June 2015

Concussion chronicity: Balance deficits persist long term

In the moment: Sports medicine

6ITMsports-iStock40602784-copyBy Jordana Bieze Foster

Postural control deficits in concussed athletes remain long after their clinical symptoms have resolved, and earlier return to activity exacerbates those lingering effects, according to research presented in May at the annual meeting of the American College of Sports Medicine (ACSM) in San Diego.

In an investigation done at Campbell University in Buies Creek, NC, a multicenter team of researchers assessed static and dynamic postural control in seven concussed college athletes and 11 controls at four time points: 24 to 48 hours, eight days, 15 days, and 22 days after injury. Peak center of pressure velocity was measured during quiet stance (static) and while athletes played the Wii Fit Soccer Heading game (dynamic).

All of the concussed athletes were cleared by their treating physicians to return to sports by the eight-day time point. However, significant differences in static postural control between concussed athletes and controls persisted at eight days, and dynamic differences persisted at day 15 and day 22.

“One regret we had was that we didn’t keep going, to see how long these effects lasted,” said Douglas Powell, PhD, director of the Advanced Interdisciplinary Movement Science Laboratory at the university, who presented the findings at the ACSM meeting.

Researchers from Georgia Southern University in Statesboro followed 18 concussed athletes for 30 days following injury and compared them with 10 controls using linear and nonlinear measures of postural control in conjunction with the Balance Error Scoring System. Linear measures (95% area, mean velocity) differed significantly between groups at 24 to 48 hours after injury, but the nonlinear measure of approximate entropy (a measure of gait predictability) differed significantly at the time of return to play and at 30 days postinjury.

“Is approximate entropy indicative of premature return to play, or risk of injury? We don’t know, but it’s something we need to look at further,” said Kelsey M. Evans, MS, a graduate student at the university, who presented the findings at the ACSM meeting.

Research from the University of Michigan in Ann Arbor suggest concussion may have even longer-lasting effects on gait, particularly under challenging conditions. When crossing an obstacle during gait, toe clearance, hip external rotation, and trail foot knee extension differed significantly between eight college-aged participants with a history of concussion (the average time from injury was 5.7 years) and eight controls with no similar history. Similar trends were observed when a cognitive task was added to the obstacle-crossing protocol, although the differences between groups were not statistically significant.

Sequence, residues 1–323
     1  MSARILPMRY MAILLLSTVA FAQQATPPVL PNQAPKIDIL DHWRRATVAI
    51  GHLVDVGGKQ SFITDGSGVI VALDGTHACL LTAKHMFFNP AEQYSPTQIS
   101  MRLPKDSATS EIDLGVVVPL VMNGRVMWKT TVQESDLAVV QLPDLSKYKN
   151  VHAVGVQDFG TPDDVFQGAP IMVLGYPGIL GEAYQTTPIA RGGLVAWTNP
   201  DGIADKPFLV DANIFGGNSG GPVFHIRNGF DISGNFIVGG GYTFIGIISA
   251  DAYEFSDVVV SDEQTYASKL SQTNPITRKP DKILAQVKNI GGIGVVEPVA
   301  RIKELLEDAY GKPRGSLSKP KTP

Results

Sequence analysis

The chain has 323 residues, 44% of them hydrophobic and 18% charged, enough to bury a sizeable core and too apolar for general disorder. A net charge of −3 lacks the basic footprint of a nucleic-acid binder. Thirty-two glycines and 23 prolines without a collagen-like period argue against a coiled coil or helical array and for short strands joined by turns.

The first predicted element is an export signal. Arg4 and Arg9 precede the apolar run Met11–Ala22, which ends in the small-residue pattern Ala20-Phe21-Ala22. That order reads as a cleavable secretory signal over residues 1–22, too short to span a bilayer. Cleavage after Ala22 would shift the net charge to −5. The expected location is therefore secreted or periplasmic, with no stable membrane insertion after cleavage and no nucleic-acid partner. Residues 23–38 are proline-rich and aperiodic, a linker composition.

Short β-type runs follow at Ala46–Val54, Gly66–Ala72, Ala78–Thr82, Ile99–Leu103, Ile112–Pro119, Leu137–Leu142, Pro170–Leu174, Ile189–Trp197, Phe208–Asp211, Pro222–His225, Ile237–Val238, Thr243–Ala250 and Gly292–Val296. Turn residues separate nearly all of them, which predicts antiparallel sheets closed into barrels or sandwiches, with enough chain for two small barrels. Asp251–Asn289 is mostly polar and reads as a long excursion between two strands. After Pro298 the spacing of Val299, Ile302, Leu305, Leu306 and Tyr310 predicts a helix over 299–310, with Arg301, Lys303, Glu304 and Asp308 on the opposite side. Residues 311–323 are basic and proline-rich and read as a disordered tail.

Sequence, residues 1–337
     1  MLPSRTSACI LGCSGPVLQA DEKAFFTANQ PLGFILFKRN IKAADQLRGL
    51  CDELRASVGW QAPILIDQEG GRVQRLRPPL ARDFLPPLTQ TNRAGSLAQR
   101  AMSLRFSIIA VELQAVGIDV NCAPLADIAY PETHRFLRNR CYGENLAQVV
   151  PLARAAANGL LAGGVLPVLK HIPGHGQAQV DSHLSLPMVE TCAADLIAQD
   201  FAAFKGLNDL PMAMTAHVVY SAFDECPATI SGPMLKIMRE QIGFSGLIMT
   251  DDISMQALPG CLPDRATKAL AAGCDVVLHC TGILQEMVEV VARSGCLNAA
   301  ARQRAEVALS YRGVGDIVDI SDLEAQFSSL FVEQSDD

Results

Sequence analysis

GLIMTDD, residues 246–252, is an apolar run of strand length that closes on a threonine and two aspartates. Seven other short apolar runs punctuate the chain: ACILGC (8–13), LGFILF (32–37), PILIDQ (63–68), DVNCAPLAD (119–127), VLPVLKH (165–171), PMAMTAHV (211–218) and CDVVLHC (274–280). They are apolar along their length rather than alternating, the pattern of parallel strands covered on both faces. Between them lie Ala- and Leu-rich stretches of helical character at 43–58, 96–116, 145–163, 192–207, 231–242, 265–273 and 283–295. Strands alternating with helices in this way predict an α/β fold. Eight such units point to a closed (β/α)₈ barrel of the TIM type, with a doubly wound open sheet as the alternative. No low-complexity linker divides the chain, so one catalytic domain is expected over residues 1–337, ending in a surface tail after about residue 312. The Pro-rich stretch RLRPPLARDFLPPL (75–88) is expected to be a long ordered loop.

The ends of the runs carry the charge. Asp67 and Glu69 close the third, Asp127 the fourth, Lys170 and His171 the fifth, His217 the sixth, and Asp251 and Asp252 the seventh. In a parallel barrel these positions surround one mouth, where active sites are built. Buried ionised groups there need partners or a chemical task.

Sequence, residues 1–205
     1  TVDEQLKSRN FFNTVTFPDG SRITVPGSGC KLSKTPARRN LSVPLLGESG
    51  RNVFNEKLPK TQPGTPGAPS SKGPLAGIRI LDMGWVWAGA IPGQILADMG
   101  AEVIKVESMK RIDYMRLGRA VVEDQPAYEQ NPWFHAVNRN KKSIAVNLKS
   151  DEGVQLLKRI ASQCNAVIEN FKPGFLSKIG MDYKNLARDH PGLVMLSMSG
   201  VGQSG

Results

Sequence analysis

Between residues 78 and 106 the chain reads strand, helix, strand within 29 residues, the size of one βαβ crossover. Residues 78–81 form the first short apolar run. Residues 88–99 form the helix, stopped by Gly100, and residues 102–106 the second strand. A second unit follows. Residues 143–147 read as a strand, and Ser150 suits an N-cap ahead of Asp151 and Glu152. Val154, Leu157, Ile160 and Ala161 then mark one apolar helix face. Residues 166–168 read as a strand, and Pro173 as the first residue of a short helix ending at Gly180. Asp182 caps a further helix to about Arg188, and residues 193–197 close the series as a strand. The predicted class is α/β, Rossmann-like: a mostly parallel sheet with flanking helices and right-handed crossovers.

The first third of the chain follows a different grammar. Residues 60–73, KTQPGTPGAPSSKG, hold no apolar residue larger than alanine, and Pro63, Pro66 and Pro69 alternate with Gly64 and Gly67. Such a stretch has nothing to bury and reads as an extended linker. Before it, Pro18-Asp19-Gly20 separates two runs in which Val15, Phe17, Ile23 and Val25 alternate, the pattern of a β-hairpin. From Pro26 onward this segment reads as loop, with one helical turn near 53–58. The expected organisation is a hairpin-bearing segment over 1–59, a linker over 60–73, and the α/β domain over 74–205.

“The concussion group may be using a more proactive strategy,” said Douglas Martini, PhD, a graduate research assistant at the university, who presented the findings at the ACSM meeting. “The question is, how does this affect these people as they age? Do the differences become greater, and does that put them at a greater risk of injury?”

Findings reported at the ACSM meeting by researchers from Boston Children’s Hospital appear to illustrate the potential risks associated with premature return to sports following a concussion. Investigators assessed center of mass (COM) motion during gait in 29 athletes (mean age 15.4 years) two months following a concussion. Time to return to activity averaged 23.9 days, but ranged from five to 57 days.

The investigators found that the day of return to activity was significantly associated with COM mediolateral displacement and COM velocity during dual-task gait.

“Those who returned earlier performed worse at two months than those who returned later,” said David R. Howell, PhD, ATC, a postdoctoral research fellow at the hospital, who presented the findings.

Sources:

Murray NG, Salvatore AP, Powell D, Reed-Jones RJ. Evaluation of static and dynamic postural control in athletes with concussions during recovery. Med Sci Sports Exerc 2015;46(5 Suppl);S571.

Evans KM, Li L, Munkasy BA, et al. Linear and non-linear as measurements of postural control recovery following concussion. Med Sci Sports Exerc 2015;46(5 Suppl);S570.

Martini D, Goulet GC, Gates D, et al. A preliminary investigation: Long-term effects of concussion on obstacle crossing. Med Sci Sports Exerc 2015;46(5 Suppl);S570.

Howell DR, Osternig LR, Christi AD, Chou L-S. Return to activity timing is associated with dual-task gait stability two months after concussion. Med Sci Sports Exerc 2015;46(5 Suppl);S571.

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